Biden will think globally to solve domestic issues. The post-COVID world will demand it.

US President-elect Joe Biden meets with members of the coronavirus disease "Transition COVID-19 Advisory Board" in Wilmington, Delaware, U.S., November 9, 2020. REUTERS/Jonathan Ernst

President-elect Biden will assume office during an as-of-yet unabated global pandemic that has, as of this writing, killed nearly 240,000 Americans, destroyed years of economic growth, and revealed and reinforced persistent inequalities in US society. It should not be surprising that Biden emphasized in his November 7 victory speech that the work of his administration, “begins with getting COVID under control.” Between tackling the pandemic, revitalizing the economy, and addressing systemic racism and inequality in American society, there is a significant and momentous domestic agenda on the President-elect’s plate. Some observers may be left wondering whether the United States under a Biden administration will prioritize the challenges at home at the expense of challenges abroad. But Biden’s own worldview and the nature of his long record of public service makes this highly unlikely. The president-elect’s commitment to looking for global solutions to common issues is all the more important as the United States faces a changed and more difficult global landscape.

For those who may have seen domestic politics and foreign policy as existing in separate and distinct realms, the pandemic has revealed the inextricable link between them. The Trump administration’s “America First” approach to an inherently transnational issue was impotent in the face of the stark reality that—in addition to the coronavirus not respecting any sovereign borders—any nation’s ability to effectively respond to the virus is interdependent with the behavior of other states and therefore demands international cooperation and engagement. This is even more salient for the United States because the domestic economy rests on international financial and trading networks and, more specifically, the ability to mobilize a domestic response to the virus depends on capabilities that are nested within a complex global supply chain.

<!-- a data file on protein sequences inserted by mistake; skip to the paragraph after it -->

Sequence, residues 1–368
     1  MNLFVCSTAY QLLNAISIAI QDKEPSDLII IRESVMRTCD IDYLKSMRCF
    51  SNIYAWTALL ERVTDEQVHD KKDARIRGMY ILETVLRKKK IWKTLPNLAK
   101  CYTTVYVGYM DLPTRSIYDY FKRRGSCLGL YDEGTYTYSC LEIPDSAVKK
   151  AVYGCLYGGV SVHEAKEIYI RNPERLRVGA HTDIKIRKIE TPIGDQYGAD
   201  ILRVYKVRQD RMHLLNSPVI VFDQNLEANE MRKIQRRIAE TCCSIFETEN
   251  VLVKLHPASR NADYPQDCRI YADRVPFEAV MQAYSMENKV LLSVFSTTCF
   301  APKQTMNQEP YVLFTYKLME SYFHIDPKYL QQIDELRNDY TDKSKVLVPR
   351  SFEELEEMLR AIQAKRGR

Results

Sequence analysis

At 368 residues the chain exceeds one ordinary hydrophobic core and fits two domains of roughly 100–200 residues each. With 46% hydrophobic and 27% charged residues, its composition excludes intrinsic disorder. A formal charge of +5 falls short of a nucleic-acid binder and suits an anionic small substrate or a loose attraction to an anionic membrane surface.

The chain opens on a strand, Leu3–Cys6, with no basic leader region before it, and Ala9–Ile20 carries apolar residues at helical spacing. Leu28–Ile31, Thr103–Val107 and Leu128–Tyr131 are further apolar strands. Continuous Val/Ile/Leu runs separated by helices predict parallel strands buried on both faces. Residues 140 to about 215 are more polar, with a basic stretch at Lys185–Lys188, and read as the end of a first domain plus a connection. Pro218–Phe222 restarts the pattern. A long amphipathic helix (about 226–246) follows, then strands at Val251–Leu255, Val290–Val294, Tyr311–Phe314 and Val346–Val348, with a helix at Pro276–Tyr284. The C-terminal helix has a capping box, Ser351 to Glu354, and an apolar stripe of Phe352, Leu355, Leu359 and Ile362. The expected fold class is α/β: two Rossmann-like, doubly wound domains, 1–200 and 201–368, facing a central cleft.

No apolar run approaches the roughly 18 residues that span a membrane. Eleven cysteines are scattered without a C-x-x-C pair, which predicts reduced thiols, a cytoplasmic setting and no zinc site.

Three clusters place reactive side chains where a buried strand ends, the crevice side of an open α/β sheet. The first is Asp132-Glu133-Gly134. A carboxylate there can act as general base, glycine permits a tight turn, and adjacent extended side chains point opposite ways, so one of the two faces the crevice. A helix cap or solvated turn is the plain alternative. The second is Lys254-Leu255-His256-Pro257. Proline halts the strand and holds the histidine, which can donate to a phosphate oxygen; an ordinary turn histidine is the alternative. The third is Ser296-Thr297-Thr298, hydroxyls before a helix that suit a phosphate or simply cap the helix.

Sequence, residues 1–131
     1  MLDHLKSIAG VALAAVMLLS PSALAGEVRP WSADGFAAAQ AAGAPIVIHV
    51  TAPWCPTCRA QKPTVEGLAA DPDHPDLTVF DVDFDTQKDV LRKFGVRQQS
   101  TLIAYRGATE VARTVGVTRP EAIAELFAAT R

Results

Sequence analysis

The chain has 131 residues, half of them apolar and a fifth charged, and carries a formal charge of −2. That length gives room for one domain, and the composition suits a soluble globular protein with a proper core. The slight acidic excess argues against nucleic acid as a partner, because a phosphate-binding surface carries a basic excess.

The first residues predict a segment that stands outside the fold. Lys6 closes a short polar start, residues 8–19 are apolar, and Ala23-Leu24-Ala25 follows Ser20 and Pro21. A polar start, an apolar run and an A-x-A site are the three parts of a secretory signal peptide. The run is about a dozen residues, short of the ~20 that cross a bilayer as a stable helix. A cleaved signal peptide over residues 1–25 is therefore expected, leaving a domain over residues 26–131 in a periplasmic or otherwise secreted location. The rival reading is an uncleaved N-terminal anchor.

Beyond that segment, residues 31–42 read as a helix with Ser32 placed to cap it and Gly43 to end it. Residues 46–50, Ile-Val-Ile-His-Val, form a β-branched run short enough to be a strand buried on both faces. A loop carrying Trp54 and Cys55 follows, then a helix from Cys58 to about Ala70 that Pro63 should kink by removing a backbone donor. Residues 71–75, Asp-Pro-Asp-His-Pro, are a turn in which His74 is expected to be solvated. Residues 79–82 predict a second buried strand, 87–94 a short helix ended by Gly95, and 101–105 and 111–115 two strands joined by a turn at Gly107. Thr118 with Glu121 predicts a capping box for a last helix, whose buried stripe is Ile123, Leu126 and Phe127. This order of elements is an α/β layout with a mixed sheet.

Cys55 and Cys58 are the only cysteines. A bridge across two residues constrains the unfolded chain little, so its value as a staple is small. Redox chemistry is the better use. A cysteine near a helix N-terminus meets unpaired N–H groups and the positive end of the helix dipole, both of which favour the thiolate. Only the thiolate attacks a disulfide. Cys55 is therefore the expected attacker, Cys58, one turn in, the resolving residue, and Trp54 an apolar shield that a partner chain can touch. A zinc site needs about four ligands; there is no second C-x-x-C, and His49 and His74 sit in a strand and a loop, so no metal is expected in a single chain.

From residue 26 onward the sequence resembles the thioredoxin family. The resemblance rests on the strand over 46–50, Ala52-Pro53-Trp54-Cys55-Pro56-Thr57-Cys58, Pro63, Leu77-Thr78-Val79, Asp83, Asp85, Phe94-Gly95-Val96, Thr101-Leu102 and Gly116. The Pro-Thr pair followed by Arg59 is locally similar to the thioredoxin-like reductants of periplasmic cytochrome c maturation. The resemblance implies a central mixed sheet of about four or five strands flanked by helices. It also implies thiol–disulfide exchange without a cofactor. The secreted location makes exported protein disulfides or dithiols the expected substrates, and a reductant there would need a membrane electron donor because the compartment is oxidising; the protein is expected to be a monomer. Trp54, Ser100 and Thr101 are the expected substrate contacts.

President-elect Biden clearly recognizes the connection between home and abroad. In his victory speech, Biden repeated what had become a mantra of his campaign; that, while the world watches America, the United States must, “lead not only by the example of our power, but by the power of our example.” Biden more explicitly emphasized the link between domestic politics and foreign policy in a recent article in Foreign Affairs, where he notes that his foreign policy agenda will begin at home: “First and foremost, we must repair and reinvigorate our own democracy, even as we strengthen the coalition of democracies that stand with us around the world. The United States’ ability to be a force for progress in the world and to mobilize collective action starts at home.” And, the President-elect has already stated that he will immediately reengage with the international community beginning in January, including rejoining the Paris Climate Agreement, reviving the Iran nuclear deal, and agreeing to a five-year extension of the New START nuclear arms control agreement with Russia.

The recognition that international engagement should not be sidelined even while grappling with urgent domestic challenges—indeed, that addressing the latter requires the former—should be expected given the arc of President-elect Biden’s career. Most will likely remember that, as vice president during the Obama administration, Biden played a significant leadership role in US foreign policy. But Biden also has a long history of personal experience in foreign affairs, organized around diplomatic engagement, that dates back to his early years as a junior senator on the Senate Foreign Relations Committee during the Cold War working on arms control agreements with the Soviet Union.